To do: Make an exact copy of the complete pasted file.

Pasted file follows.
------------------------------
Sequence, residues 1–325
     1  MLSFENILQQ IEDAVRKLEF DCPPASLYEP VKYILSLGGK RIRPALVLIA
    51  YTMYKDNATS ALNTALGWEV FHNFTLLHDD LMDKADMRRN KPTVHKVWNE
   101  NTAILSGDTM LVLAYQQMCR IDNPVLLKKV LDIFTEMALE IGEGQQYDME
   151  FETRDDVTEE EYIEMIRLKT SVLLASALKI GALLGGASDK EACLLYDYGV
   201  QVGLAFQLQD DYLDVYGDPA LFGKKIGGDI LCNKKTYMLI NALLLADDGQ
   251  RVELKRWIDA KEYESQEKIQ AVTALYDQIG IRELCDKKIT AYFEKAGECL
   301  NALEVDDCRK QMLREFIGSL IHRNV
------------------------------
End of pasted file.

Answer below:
Sequence, residues 1–325
     1  MLSFENILQQ IEDAVRKLEF DCPPASLYEP VKYILSLGGK RIRPALVLIA
    51  YTMYKDNATS ALNTALGWEV FHNFTLLHDD LMDKADMRRN KPTVHKVWNE
   101  NTAILSGDTM LVLAYQQMCR IDNPVLLKKV LDIFTEMALE IGEGQQYDME
   151  FETRDDVTEE EYIEMIRLKT SVLLASALKI GALLGGASDK EACLLYDYGV
   201  QVGLAFQLQD DYLDVYGDPA LFGKKIGGDI LCNKKTYMLI NALLLADDGQ
   251  RVELKRWIDA KEYESQEKIQ AVTALYDQIG IRELCDKKIT AYFEKAGECL
   301  NALEVDDCRK QMLREFIGSL IHRNV